Shipping Traffic: Youssef Rakha in Robin Moger’s Translation

The grey ships come from the north,

The snow-white ships come from the pole,

The ships of the south are all broken down.

O Harbourmaster sitting on the cloudbanks,

O Harbourmaster walking on the water,

Tell those leaping on the equator line

How their flesh might turn to wood,

How their bones might turn to steel,

Until from out their bodies comes a ship

Its black pushing through the swell.

Youssef Rakha: The Postmuslim

A. Abbas, Pakistan, 1988. Source: magnumphotos.com

Return of the Prodigal Muslim

Everybody knows the Enlightenment is dying. I don’t mean in the hells from which people board immigrant boats. It was never very alive here in the first place. I mean in the heavens to which the boat people seek suicidal access.

They end up drowning less for the love of the Postchristian West, it would seem, than out of despair with the Muslim East. Blame politics and economics, for sure. But could it be that all three phenomena – despair, poverty and dictatorship – are rooted in the same cultural impasse?

Today Brexits, Trumps and, let us not forget, the Islamic Invasion of Europe are spelling an Endarkenment all across the North, confining progressive and egalitarian principles to intensive care units. And I’m wondering what that could mean for despairing Muslims in the South.

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The Surviving Frame: Antonio Denti’s Video Stills of Syrian Refugees

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Mayarboli, Hungary. September 2015. Beauty of humans. A little Syrian girl – maybe 7 or 8 years old – holds a green apple and looks out the window of the special train that will take her from the Croatia-Hungary border on to Austria

 

Upstream

I drove alone from Rome to the Balkans to cover the refugee crisis on the borders of Eastern Europe in September 2015. I saw the physical and human landscape changing slowly. I saw the faces, and I heard the sound of the words. I saw history flowing from Florence to Venice, to Trieste, to the forests of Slovenia, to the Alps and the well kept chalets near Austria, to the flat agricultural peripheries deeper into the former Austro-Hungarian empire, eastwards, towards Serbia and Hungary…

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Youssef Rakha: He Threw Himself into the Sea

The Sultan’s Seal reviews one of Darf Publishers’ recent titles: the Eritrean writer Abu Bakr Khaal’s African Titanics, translated from the original Arabic by Charis Bredin

Photo by Alex Majoli, source: magnum photos.com

I immediately began to suss out the reputations of all the local smugglers, remaining in a state of anxious indecision as to which of them I should do business with. There was ‘Fatty’, known for his reliability and the care he took of those who travelled aboard his Titanics. His reputation extended all over Africa and travellers from Eritrea, Sudan, Somalia, Ghana and Liberia would hunt him down as soon as they arrived in [Tripoli]. Other smugglers were known for how swiftly they could arrange crossings. Every week, one of their Titanics would leave for the far shore, completely devoid of safety precautions, and likely to sink a few miles out to sea.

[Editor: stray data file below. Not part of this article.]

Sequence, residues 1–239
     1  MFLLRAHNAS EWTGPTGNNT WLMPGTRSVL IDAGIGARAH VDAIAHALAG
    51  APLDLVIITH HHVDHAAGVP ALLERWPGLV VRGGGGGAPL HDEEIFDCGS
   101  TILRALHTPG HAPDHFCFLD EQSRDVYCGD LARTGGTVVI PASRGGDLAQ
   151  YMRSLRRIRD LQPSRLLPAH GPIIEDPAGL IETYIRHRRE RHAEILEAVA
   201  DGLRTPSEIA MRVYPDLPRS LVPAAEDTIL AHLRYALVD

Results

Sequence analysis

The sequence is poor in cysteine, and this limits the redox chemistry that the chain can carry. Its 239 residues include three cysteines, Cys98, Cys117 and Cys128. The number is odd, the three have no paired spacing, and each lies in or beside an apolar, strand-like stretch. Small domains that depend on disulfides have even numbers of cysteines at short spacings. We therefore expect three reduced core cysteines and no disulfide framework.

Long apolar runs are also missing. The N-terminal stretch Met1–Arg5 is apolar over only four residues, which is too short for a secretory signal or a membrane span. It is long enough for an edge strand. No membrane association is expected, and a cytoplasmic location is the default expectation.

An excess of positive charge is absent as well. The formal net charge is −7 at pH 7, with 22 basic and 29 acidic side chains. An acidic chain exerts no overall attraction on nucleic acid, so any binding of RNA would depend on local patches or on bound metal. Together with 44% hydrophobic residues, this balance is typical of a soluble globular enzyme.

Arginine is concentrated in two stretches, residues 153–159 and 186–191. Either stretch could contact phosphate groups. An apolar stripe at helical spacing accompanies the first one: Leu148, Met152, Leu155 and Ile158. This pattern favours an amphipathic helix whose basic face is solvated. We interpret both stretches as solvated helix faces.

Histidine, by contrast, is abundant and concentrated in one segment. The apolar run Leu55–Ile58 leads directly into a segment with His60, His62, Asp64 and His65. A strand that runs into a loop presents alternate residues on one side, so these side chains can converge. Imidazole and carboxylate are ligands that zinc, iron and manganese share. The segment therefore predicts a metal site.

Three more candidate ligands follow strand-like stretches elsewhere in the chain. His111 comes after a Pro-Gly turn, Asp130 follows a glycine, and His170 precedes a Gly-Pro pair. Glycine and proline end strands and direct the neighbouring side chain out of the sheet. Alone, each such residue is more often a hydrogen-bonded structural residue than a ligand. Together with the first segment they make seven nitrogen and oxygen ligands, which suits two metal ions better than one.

Like Samuel Shimon (An Iraqi in Paris, 2005), and Hamdi Abu Golayyel (A Dog with No Tail, 2009), Abu Bakr Khaal writes reportage with fictional license. Though a Tigré-speaking Eritrean with no apparent connection to the Arab literary scene, he belongs in a recent Arabic tradition of confessional narrative that benefits as much from its authors’ down-and-out credentials as their distinct vernaculars. Whether Khaal’s language is interesting because of influence from his mother tongue, I don’t know.

In Charis Bredin’s decidedly British English, African Titanics is a breezy read, worthwhile for its first-hand take on an essential topic and its pseudo-mythology of pan-African wanderlust.

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Youssef Rakha: All Those Theres

Thanks to a flighty wi-fi connection at the riad where I stayed that time in Marrakesh, I heard Sargon Boulus (1944-2007) reading his poems for the first time. Sargon had died recently in Berlin – this was the closest I would get to meeting him – and, lapping up the canned sound, I marvelled at his unusual career. He was an Iraqi who spent more or less all of his adult life outside Iraq, a Beatnik with roots in Kirkuk, an Assyrian who reinvented classical Arabic. He translated both Mahmoud Darwish and Howl.

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In Sargon’s time and place there is an overbearing story of nation building, of (spurious) Arab-Muslim identity and of (mercenary) Struggle – against colonialism, against Israel, against capital – and that story left him completely out. More probably, he chose to stand apart from it, as he did from a literary scene that celebrated it more often than it did anything else. Is this what makes him the most important Arab poet for me?

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Youssef Rakha Translates Sargon Boulus

The refugee tells

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Chris Steele-Perkins. Refugees in a sandstorm, Sha-allan ONE camp, Jordan, 1990. Source: magnumphotos.com

The refugee absorbed in telling his tale

feels no burning, when the cigarette stings his fingers.

He’s absorbed in the awe of being Here

after all those Theres: the stations, and the ports,

the search parties, the forged papers…

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